Rawlinson’s study of ancient Egypt surveys the land and people of Egypt before taking the development of the nation through historic chapters. Told in a level of detail to rival Breasted’s classic work on Egypt, this earlier study makes fascinating reading.
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While technically not an archaeological study, the works of George Rawlinson are of a class with those of Austin Henry Layard. Both represent the larger picture of the cultures with which they are so fascinated. Rawlinson’s study of ancient Egypt is intelligent and contains material that is of interest to archaeologists as well. This learned study surveys the land and people of Egypt before taking the development of the nation through historic chapters such as the period of pyramid builders, the rise of Thebes, the invasion and expulsion of the Hyksos, the great pharaohs of the Middle Kingdom, all the way to the decline of the Egyptian Empire. Told in a level of detail that rivals Breasted’s classic work on Egypt, this earlier study makes fascinating reading.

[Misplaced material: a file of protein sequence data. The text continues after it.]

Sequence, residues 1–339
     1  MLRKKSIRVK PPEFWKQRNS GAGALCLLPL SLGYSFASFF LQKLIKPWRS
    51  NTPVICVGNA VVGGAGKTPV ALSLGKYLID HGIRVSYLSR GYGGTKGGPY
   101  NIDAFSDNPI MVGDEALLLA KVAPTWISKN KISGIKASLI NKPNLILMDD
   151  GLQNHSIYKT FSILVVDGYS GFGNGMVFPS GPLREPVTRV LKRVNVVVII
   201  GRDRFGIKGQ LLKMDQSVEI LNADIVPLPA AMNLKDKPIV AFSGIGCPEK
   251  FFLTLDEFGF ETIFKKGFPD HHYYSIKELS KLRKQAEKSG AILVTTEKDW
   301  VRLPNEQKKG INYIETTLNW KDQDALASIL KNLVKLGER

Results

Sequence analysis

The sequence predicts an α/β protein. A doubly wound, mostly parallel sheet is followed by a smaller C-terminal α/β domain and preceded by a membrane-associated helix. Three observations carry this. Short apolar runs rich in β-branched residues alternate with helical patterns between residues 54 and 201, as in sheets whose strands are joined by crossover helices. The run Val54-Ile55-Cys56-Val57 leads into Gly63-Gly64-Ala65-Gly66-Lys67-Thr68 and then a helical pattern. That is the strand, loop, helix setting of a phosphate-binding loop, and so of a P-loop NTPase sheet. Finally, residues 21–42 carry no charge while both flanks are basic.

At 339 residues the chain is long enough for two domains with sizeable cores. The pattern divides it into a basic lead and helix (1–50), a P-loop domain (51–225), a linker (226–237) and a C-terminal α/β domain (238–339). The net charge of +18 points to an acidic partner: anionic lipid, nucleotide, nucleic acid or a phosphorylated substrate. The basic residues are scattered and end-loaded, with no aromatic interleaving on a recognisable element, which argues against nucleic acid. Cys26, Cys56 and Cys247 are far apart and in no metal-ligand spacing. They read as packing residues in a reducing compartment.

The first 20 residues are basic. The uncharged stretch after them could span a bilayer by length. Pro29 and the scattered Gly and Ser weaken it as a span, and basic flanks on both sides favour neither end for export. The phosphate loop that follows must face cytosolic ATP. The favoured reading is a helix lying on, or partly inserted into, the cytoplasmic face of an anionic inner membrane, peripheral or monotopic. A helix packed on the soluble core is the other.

George Rawlinson (1812-1902) was an Orientalist and Canon of Canterbury Cathedral. A highly regarded scholar of classics, he was eventually appointed Camden professor of Ancient History at the University of Oxford. He published widely on topics concerning the ancient world, and he was the younger brother of noted Orientalist Sir Henry Rawlinson.